In these programs, University officials establish personal recruitment relationships with potential students. In the case of the PACE program, we had made commitments to enable a full cohort of students to begin their program in the Spring. Similarly, with Intercollegiate Athletics, we had authorized coaches to invite potential student athletes to the campus and to discuss athletic participation and scholarship support in the usual recruitment pattern. Because offers and acceptances were made in good faith, I believe it would be unethical for the University to fail to honor them.
You should also be aware that all of the students involved in these two programs are fully qualified for collegiate study. Student athletes will have met the rigorous academic requirements of Division 1-AA; PACE students who are adult learners have also demonstrated their ability to perform collegiate work successfully. I regret this oversight and the confusion it may have caused for our faculty, staff and potential students.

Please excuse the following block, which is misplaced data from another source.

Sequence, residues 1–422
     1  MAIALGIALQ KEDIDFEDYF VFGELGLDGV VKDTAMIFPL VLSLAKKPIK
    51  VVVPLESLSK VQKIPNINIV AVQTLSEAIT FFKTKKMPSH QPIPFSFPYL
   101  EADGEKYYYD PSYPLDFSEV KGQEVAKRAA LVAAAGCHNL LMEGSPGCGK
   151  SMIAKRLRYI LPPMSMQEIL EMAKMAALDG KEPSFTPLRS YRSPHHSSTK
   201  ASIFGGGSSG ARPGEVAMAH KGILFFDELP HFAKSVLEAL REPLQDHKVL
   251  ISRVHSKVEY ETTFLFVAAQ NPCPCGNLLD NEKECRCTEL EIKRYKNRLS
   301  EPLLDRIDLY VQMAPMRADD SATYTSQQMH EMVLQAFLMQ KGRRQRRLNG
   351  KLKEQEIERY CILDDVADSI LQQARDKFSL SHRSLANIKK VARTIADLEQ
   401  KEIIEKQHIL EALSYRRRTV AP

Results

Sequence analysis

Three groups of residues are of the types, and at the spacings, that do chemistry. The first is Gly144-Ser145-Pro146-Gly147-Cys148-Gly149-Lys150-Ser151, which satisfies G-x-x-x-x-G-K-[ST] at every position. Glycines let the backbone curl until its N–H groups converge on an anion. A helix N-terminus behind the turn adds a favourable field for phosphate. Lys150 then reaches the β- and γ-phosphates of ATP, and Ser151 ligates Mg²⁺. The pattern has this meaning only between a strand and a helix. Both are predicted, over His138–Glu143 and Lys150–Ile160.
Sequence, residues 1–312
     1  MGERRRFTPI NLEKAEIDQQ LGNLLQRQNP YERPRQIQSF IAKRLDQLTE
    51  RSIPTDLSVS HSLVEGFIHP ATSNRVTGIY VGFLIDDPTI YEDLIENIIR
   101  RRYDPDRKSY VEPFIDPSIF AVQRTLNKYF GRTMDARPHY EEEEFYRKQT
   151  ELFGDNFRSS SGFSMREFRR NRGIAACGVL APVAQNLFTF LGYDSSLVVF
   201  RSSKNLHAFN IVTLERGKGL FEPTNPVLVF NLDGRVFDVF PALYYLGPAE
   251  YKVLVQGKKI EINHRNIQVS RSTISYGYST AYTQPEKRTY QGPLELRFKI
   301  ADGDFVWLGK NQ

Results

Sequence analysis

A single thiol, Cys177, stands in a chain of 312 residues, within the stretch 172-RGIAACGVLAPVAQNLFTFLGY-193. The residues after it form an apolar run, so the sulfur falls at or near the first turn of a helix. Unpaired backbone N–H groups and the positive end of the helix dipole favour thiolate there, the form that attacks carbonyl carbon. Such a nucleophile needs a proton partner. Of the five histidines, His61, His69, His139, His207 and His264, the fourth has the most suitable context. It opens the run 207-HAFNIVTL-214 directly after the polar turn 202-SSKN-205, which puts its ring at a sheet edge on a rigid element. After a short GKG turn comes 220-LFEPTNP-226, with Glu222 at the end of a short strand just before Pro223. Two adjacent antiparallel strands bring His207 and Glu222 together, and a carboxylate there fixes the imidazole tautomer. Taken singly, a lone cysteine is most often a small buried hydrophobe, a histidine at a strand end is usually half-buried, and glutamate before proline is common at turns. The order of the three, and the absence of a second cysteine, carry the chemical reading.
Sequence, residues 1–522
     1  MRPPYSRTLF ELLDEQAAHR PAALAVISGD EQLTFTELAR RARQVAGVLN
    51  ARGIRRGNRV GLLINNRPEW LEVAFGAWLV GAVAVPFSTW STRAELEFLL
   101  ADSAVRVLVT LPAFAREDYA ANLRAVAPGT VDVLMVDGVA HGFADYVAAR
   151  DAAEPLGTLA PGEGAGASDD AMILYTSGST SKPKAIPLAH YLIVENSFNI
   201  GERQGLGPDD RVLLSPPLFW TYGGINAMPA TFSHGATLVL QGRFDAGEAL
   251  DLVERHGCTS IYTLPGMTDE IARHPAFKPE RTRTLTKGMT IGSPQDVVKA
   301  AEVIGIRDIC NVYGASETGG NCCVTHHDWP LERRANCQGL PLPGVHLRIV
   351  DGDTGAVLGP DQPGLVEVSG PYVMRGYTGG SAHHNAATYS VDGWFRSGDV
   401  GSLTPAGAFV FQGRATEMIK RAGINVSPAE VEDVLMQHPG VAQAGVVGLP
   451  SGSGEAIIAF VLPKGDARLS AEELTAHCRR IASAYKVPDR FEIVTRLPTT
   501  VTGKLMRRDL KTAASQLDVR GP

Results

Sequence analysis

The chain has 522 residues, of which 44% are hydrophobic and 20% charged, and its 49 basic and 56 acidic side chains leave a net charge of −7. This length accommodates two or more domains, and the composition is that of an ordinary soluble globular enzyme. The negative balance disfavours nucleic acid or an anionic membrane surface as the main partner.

Administrative Transfer of National Center on Deafness
In May 1996, the ad hoc committee charged with reviewing funding issues related to the National Center on Deafness (NCOD) completed its report. Consistent with its major recommendation, we allocated $600,000 to NCOD to maintain its excellence as a resource and service agency for deaf and hard of hearing students. Further evidence of the high regard in which the NCOD is held was its recent receipt of a $5 million award to serve as the western regional training center for organizations seeking to serve deaf individuals more effectively.
The report also recommended that the NCOD be assigned to the Division of Student Affairs as an autonomous unit. The most convincing rationale for this change is the congruity of a strong student development philosophy within the Center and the Division. A parallel program already exists in the Division in the Center on Disabilities, which has achieved significant success and visibility for its outstanding service and research programming.
I have therefore accepted the recommendation to transfer the National Center on Deafness to Student Affairs. Provost Louanne Kennedy, Vice President Ron Kopita and Director Herb Larson have supported this decision and are implementing a smooth transition, which became effective on November 1, 1996. I'm certain that NCOD will continue to thrive under this new organizational arrangement.
Blenda J. Wilson